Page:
Please send comfort food. You know where to find me.

First Snow

Today I:

  • had toast with nutritional yeast, cream cheese, artichoke hummus, and two cups of coffee (got up earlier) with chocolate rice milk. Wouldn't you?
  • am having veggie pizza, apple juice, chips, and a banana for lunch (drafting works up an appetite)
  • scored the apple juice from OKC*
  • have a laundry date tonight. Hot stuff.
  • nearly lost this entry while publishing it! Eek!

Yesterday I bounded out of bed at the early hour of 9:30 am to roam the neighborhood, snapping pictures. I did not even pause for coffee.

This is intensely out of character, by the way. Typically, I am not a snow person. The most common remarks on the weather to be heard from me during these East Coast winters are: "What is all this white stuff everywhere? Somebody should clean this mess up!" and "Snow should be visited, not lived in."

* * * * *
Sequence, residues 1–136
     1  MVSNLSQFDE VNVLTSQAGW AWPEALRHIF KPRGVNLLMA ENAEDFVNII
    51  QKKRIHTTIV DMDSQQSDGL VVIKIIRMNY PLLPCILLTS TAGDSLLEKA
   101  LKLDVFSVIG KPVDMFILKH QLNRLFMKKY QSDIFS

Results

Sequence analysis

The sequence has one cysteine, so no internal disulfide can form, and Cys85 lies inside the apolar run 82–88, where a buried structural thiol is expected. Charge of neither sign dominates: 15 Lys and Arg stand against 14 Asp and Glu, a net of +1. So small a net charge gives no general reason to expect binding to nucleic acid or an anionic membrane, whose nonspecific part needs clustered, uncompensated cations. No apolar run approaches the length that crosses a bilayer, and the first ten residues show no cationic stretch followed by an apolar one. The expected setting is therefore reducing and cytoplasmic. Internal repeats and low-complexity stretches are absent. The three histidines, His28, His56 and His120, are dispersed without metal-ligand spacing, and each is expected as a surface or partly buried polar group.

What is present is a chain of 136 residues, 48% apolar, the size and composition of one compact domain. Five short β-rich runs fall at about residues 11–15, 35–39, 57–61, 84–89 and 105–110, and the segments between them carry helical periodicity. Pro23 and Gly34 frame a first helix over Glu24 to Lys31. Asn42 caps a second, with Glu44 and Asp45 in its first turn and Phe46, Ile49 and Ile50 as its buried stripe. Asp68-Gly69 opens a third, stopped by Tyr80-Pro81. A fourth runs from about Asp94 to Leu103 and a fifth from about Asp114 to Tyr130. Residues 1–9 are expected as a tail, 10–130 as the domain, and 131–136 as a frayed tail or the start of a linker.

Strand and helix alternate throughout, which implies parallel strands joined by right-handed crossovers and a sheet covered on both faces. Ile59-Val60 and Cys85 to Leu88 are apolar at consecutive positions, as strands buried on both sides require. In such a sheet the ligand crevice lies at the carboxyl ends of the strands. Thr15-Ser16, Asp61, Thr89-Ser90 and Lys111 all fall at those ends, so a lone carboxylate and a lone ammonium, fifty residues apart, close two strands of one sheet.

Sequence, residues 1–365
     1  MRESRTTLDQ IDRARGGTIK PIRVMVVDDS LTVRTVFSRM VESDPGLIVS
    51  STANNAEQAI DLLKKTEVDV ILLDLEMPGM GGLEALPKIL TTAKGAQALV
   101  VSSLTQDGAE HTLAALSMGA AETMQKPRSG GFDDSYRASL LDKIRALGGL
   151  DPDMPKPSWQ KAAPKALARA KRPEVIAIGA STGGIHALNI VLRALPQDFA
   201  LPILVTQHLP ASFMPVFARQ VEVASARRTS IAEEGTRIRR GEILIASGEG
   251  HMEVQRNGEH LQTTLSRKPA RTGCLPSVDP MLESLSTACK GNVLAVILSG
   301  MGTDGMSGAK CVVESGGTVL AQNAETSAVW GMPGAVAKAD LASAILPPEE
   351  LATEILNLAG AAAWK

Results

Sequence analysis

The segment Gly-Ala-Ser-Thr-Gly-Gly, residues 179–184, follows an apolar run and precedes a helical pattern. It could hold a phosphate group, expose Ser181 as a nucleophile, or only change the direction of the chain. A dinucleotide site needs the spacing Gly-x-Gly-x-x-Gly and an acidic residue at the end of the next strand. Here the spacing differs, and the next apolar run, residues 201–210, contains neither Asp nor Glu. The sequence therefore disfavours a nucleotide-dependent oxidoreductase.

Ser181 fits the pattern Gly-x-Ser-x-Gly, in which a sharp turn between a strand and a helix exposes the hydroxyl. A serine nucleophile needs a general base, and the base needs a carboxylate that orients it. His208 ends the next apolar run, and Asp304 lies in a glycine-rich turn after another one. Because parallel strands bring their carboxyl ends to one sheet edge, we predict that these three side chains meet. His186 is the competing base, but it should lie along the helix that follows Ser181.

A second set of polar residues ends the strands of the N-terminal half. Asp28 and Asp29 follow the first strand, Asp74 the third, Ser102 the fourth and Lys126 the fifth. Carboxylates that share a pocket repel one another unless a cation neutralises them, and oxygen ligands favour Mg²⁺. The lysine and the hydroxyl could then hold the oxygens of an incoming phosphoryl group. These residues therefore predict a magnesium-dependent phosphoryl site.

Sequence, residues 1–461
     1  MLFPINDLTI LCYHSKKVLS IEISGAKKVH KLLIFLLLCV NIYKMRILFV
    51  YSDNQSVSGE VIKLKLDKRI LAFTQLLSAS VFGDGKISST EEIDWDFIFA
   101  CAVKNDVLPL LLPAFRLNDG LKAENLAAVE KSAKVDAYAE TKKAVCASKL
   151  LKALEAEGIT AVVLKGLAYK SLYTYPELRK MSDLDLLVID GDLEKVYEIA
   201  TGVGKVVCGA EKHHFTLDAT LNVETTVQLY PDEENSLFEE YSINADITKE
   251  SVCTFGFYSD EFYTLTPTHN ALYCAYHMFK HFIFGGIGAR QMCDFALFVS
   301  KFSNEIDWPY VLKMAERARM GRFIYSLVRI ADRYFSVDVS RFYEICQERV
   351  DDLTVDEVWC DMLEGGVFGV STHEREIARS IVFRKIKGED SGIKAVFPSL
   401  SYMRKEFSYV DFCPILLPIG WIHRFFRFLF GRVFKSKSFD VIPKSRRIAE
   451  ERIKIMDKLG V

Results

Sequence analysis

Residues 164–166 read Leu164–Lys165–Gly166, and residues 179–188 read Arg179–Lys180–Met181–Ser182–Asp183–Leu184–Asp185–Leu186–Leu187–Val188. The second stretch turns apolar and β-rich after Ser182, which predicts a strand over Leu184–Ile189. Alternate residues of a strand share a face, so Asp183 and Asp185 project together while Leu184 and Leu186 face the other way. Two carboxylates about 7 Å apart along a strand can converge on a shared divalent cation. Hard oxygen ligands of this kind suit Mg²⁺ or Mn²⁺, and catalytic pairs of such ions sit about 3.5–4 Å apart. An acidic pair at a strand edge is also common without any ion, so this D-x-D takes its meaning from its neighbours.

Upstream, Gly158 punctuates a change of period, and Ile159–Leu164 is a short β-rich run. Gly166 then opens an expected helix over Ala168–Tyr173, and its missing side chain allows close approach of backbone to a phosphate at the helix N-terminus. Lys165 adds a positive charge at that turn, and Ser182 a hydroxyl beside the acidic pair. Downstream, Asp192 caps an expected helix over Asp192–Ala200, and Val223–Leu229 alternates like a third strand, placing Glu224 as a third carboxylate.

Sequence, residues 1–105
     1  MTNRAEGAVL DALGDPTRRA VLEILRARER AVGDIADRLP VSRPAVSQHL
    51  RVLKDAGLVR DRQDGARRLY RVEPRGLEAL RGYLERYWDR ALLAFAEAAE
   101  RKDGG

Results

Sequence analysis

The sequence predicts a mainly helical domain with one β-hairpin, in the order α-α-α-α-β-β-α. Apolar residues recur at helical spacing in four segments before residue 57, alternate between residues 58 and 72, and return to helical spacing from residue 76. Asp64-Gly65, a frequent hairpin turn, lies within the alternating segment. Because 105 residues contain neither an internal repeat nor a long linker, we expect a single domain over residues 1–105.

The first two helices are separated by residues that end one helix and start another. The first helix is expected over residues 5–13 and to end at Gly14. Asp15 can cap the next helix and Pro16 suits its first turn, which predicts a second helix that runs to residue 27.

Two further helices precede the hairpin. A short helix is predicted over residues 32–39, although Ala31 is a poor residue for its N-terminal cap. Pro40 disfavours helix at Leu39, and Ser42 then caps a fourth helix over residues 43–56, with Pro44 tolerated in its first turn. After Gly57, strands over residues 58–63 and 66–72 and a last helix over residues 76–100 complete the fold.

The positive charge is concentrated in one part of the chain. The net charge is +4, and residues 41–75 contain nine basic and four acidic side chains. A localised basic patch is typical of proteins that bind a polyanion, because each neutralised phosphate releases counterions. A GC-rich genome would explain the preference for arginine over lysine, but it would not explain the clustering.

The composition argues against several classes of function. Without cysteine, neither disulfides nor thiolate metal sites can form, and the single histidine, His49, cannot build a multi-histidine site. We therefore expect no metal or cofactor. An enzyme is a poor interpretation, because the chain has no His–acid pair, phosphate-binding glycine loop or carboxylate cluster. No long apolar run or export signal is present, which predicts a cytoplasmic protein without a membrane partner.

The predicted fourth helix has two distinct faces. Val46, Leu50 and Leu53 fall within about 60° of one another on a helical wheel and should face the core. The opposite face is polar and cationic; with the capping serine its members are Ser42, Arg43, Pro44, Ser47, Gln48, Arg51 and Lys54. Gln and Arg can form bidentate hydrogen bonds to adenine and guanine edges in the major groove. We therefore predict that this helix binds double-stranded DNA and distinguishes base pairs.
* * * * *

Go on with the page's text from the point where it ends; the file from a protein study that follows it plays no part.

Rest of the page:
That is because I am Californian, dontcha know. When I originally arrived on the East Coast, it was the day after a storm that left TWO FEET OF SNOW EVERYWHERE, like all over EVERYTHING, dude. It blew my mind. So much snow and no skiing.

Five years later, I am getting somewhat accustomed to these little quirks of the weather. I realize I am not a Winter Person. I used to sincerely believe I was a Winter Person. (Of course, this was before I knew that winter back home was actually called autumn everywhere else - it was just happening from October to April, is all.) This year, I really will be. Why? Well, I'm glad you asked. Here's why:

  • For the first time in five years of East Coast winters, I have bonafide, strip-to-your-longjohns-as-you-step-in-the-apartment heat. And it's included with my exorbitant rent!
  • I have nothing whatsoever to shovel, even if I wanted to.
  • Most of my basic needs are within easy walking distance, including work.
  • I have a real winter coat this year.

Life is good. Snow is pretty, but you shouldn't eat it.

Here are lots of pictures.

You see the snow falling in this photo. (That's Paul Revere Church.) More falling snow! Whee!